Yale prides itself on its sustainability. It is, by many accounts, a recycler’s utopia. Yet there is a detail sorely lacking from most Yalies’ recycling education: most plastic items we recycle here are not recyclable outside The Bubble.
It is impressive that Yale invests in the facilities to manage substances like polystyrene and polyvinyl chloride. But this is wildly atypical for Americans. At my home (a suburb of Philadelphia), only polyethylene terephthalate (PET) and high density polyethylene (HDPE) — numbers 1 and 2 if you look on the bottom of your plastic bottle — are recyclable. The same is true in New York, where I will be living next year. Yalies live in an uncommon environment, where nearly everything we touch can be recycled.
Recycling incorrect items incurs extra costs in manpower for sorting and in fuel for transporting trash to the correct location. Non-recyclables that slip through the cracks reduce the overall efficiency of the recycling process. Many townships impose a fine for attempting to recycle non-recyclables — and rightly so.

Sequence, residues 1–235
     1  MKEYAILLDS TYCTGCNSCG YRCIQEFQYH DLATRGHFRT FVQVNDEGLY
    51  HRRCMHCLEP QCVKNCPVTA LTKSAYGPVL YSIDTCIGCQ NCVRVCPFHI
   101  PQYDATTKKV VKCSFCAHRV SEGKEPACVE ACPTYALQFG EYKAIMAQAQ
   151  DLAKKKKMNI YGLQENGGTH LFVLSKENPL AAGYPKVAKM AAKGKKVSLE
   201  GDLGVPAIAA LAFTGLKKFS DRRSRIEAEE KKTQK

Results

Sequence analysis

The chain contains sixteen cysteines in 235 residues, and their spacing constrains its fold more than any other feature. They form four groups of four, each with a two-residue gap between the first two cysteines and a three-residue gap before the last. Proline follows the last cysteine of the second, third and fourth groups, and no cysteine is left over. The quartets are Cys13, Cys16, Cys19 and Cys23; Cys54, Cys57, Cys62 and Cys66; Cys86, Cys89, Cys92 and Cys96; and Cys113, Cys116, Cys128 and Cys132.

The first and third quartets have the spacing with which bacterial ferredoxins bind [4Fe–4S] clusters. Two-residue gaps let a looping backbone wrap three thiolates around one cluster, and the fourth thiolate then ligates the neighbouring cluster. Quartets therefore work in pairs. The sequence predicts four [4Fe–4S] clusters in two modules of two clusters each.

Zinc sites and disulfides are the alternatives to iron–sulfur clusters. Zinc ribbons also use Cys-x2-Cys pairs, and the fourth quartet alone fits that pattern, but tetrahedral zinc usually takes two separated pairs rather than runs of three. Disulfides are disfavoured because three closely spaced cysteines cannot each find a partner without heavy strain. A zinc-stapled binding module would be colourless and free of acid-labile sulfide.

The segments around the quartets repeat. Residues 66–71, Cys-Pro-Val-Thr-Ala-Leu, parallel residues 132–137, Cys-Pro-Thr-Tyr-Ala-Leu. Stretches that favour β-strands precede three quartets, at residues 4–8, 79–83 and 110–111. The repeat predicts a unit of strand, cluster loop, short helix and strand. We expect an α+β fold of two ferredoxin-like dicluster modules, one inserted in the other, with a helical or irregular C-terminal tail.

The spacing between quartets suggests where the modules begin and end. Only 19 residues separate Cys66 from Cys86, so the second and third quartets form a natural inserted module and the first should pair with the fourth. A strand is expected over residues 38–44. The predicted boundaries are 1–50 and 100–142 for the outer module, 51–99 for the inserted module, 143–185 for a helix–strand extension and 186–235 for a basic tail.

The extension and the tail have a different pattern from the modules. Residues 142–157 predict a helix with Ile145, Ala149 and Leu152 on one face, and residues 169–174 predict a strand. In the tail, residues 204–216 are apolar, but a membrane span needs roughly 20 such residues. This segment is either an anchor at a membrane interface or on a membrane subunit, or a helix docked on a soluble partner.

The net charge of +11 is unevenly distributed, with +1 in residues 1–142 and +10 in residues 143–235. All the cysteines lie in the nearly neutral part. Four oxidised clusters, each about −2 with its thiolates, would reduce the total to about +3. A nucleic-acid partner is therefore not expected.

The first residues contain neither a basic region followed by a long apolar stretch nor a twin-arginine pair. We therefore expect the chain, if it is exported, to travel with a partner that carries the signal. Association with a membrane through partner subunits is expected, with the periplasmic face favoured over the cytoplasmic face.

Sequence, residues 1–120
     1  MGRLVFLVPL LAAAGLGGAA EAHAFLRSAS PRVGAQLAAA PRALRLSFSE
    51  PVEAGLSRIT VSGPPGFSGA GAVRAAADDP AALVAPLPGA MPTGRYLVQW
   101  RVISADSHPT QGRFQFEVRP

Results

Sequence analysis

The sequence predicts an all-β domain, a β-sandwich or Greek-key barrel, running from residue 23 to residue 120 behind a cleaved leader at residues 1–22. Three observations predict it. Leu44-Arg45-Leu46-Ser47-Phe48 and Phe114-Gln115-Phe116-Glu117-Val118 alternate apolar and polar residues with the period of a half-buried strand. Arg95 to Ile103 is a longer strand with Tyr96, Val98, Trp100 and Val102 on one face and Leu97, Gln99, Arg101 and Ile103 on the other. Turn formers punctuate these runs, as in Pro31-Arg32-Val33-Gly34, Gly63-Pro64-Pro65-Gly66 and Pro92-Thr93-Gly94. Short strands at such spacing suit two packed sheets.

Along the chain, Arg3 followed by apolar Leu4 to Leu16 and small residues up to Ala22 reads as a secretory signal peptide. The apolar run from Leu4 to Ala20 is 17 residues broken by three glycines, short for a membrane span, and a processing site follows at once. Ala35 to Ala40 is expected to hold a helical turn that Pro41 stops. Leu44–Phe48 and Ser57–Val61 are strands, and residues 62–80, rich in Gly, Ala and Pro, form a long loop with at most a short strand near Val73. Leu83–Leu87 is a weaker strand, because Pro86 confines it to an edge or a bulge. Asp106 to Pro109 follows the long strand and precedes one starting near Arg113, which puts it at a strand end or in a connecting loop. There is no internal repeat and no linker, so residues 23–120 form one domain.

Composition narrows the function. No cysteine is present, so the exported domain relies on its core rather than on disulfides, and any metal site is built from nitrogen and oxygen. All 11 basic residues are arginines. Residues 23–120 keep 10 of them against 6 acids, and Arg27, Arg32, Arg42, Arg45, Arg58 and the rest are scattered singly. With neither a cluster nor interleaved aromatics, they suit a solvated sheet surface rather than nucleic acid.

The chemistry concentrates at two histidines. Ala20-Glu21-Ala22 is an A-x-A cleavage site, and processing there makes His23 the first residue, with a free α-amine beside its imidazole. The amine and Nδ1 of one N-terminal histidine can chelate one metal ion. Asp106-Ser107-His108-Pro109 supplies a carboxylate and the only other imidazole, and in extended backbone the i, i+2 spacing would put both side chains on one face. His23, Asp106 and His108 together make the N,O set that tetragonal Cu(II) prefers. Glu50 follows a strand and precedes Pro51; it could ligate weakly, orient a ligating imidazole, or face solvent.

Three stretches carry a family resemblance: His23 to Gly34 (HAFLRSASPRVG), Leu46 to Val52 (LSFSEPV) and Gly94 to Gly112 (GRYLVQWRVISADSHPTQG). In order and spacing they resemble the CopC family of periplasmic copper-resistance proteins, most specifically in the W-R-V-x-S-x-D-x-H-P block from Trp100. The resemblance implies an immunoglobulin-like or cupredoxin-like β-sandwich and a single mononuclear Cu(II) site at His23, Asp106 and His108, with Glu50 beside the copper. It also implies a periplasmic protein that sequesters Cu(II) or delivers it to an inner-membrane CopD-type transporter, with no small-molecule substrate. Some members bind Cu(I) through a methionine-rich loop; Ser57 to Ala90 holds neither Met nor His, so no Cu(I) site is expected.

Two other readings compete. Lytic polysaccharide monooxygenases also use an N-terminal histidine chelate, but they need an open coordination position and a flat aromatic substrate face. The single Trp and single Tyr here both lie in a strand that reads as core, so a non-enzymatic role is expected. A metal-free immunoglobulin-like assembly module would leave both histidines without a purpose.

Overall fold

All this means that when I go home, I cannot recycle a milk carton. Solo cups are not recyclable either. Caps of soft drink bottles must be removed. Yale only tells us: If it’s plastic, throw it in a blue bin. This is unacceptable for sustainability in the real world, and thus does Yalies a disservice.
Yale must do a better job of educating Yalies about which items are usually not recyclable. I suggest posting lists of typically non-recyclable plastics in publicly accessible areas. We will still recycle these at Yale, but this way, when we leave campus, we will know to inquire about these borderline cases before damaging our environment. Only then can Yale achieve its goal of educating the modern, sophisticated, sustainable graduate.
The writer is a senior in Branford College.